Technically speaking, of course, all the data will go into  BigQuerry, the data warehousing solution of Google as well as in other components of GCP (Google Cloud platform) depending on the use cases. 

By using BigQuerry and GCP, you can now use GA360 as a CDP: a customer data platform, leveraging the brand new tables from BigQuerry. You can imagine compiling your user ID, with their loyalty card number, the last time they went on your website, the favourite hotel they are going to, their favourite products, if they are in an audience used in DV360 currently, etc… 

You can run countless use cases  from there. Critics will say “but you can only use the Google advertising channels”, and yes, they are right, but again,  we are not saying that you should not invest in a CDP in the future, but, to maximise ROI, you should test all your use cases in GA360 first, to prove and collect their value, and then invest in a real CDP to extend the possibilities further.. 

Using GA360 as a multi-channel Customer Data Platform 

The last way to leverage GA360 is as a multi-channel CDP. The idea is to integrate additional activation channels, so you are not just stuck with the Google ecosystem. That way you can explore the benefit of a CDP with those new non-Google channels as well, and start your exploration work and begin to qualify your use cases. For example, for a hospitality client, we have connected their Adobe campaign with their GA360 to run emailing personalisation use cases, using this infrastructure:  This has helped our client team prove the power of a CDP on their emailing activities, giving them enough data points and ROI figures to justify to their leadership the investment in a Tealium CDP (Audience stream).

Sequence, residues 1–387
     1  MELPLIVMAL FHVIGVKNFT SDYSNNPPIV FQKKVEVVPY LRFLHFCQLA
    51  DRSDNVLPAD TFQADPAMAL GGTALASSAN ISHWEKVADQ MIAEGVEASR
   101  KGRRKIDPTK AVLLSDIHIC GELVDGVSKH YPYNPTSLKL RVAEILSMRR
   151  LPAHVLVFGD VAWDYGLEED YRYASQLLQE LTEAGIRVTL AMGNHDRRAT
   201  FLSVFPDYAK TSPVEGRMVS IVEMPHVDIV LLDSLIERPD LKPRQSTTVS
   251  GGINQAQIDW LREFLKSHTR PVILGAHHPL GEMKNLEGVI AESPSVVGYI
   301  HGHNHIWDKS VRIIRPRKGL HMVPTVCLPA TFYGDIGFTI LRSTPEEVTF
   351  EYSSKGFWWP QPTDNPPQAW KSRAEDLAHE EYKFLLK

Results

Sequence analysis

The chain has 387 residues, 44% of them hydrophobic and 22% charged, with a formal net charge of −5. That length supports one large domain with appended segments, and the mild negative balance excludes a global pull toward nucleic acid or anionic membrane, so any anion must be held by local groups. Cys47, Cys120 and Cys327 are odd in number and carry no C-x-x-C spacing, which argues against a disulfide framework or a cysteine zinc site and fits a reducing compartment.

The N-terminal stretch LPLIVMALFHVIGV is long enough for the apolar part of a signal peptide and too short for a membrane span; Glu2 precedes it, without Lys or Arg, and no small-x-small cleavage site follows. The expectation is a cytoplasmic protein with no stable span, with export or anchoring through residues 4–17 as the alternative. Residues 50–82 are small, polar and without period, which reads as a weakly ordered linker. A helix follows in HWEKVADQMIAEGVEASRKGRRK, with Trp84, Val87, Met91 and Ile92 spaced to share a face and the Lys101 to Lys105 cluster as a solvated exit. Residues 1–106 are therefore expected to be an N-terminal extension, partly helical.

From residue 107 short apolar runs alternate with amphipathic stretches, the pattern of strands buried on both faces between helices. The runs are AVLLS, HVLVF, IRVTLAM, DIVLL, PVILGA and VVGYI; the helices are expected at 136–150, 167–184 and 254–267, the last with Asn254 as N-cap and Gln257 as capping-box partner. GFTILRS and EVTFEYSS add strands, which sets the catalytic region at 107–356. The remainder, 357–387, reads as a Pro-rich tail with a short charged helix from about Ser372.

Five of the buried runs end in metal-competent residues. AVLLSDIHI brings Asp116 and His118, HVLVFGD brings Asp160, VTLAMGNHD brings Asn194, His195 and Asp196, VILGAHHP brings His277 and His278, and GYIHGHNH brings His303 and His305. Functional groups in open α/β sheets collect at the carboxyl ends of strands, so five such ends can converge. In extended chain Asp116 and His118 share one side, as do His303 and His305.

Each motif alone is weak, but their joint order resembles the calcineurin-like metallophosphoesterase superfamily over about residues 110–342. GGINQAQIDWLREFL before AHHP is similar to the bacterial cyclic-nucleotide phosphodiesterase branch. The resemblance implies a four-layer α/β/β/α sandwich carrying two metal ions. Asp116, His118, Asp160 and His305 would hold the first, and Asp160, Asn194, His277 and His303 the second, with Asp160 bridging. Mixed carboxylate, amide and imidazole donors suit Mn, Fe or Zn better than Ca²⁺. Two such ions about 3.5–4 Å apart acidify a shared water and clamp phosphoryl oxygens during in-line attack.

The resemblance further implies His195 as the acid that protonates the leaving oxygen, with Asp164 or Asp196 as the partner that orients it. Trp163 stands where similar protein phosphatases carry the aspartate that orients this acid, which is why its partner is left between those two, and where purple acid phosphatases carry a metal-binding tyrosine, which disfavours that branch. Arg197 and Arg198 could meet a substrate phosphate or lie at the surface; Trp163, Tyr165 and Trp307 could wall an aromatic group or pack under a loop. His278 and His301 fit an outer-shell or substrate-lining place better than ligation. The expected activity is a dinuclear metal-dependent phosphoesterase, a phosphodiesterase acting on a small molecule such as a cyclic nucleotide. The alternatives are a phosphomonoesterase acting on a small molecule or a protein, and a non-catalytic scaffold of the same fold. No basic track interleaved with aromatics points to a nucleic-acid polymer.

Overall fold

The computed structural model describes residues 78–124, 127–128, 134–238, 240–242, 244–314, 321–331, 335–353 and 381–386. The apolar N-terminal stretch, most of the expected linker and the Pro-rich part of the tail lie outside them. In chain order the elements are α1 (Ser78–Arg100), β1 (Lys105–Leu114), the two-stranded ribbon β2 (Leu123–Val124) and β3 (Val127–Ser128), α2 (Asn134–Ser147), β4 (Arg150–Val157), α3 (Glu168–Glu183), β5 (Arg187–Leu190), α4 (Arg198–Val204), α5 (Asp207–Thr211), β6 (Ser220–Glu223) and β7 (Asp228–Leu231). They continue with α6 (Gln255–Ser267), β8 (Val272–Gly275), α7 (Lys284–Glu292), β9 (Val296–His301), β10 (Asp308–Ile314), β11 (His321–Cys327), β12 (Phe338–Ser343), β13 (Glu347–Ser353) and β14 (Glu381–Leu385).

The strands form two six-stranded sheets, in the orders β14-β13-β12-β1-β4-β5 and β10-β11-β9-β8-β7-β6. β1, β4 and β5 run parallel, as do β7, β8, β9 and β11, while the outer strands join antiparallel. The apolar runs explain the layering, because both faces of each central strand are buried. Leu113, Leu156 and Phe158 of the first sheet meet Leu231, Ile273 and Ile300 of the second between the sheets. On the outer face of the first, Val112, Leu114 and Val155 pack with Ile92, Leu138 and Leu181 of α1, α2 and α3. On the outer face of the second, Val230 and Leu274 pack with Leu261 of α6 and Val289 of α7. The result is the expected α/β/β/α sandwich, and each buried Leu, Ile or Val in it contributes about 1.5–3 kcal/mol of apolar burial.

Ultimately, while dedicated DMPs or CDPs can help brands who have already reached a high data driven marketing maturity and excellence, before they get to that point, they would benefit from documenting and testing their new use case in a real life environment first. Google Analytics 360 is the perfect ecosystem to start in — and one that many marketers overlook. Coupled with the DTPC(I) approach, it will save you a lot of money and quickly transform your data-driven marketing the agile way.